FullMetalJacketDeluxe_1I am reminded of Stanley Kubrick’s 1987 film “Full Metal Jacket,” in which an inept private named Leonard Lawrence (Vincent D’Onofrio) brings the wrath of Gunnery Sergeant Hartman (R. Lee Ermey) upon his fellow basic trainees.  A little ways into the film, Sergeant Hartman announces to everyone that from that point on, whenever Private Lawrence messes up, they – not he — will be punished.

And what do Private Lawrence’s comrades do eventually?  They gather around him as he sleeps and pelt him with rolled-up socks.

Obviously, this is an imperfect analogy in many ways.  But being in a sense the carrier of our curse, nature — whether in the form of natural disasters, animals (fictional or real), or otherwise — is not one to cry “(p)eace, peace … though there is no peace” (Jeremiah 6:14).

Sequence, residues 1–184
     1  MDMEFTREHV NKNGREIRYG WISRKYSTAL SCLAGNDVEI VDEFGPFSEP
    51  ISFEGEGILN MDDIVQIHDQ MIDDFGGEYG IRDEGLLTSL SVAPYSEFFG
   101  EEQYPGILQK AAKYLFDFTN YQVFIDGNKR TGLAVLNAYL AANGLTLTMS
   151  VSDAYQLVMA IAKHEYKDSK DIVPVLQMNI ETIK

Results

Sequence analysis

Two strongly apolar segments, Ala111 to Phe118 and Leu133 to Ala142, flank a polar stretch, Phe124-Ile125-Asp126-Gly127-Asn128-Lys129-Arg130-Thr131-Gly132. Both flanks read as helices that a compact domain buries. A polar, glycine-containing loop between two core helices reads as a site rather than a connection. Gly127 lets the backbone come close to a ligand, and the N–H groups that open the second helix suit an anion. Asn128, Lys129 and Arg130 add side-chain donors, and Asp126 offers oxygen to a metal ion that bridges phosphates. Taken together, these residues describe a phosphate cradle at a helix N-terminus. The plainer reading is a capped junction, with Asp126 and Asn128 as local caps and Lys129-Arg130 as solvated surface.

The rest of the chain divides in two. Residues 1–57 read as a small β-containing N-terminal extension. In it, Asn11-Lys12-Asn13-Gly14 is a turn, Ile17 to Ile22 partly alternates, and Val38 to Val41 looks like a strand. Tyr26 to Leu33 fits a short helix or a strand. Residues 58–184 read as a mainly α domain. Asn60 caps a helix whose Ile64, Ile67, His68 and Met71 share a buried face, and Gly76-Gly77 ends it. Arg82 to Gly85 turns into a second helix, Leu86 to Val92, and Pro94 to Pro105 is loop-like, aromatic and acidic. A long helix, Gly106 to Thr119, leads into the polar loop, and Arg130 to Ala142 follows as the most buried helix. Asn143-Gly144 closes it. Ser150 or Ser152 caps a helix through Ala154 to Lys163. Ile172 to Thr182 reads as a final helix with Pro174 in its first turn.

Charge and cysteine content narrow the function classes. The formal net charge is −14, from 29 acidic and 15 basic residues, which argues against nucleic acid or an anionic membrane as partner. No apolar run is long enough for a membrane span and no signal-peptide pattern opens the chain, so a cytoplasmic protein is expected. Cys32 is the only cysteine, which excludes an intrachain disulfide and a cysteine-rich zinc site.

But St. Irenaeus did not stop there…

But man received, as the punishment of his transgression, the toilsome task of tilling the earth, and to eat bread in the sweat of his face, and to return to the dust from whence he was taken. (Adversus Haereses, III:xxii — bold added)

Our task of stewardship over the earth was never abrogated (though it was made more difficult).  And especially now that Jesus Christ has Himself borne our curse upon the Cross…well, just as we led creation into darkness, we must now lead it into redemption.

To the extent that we are fulfilling our task, we have nothing to fear.  But the more we are leading lives dedicated to worldliness, self-indulgence, luxury and greed, the more of a “wake-up call” we need.

“It Came from Beneath the Sea” still from Wikipedia; “Full Metal Jacket” still obtained through a Google image search.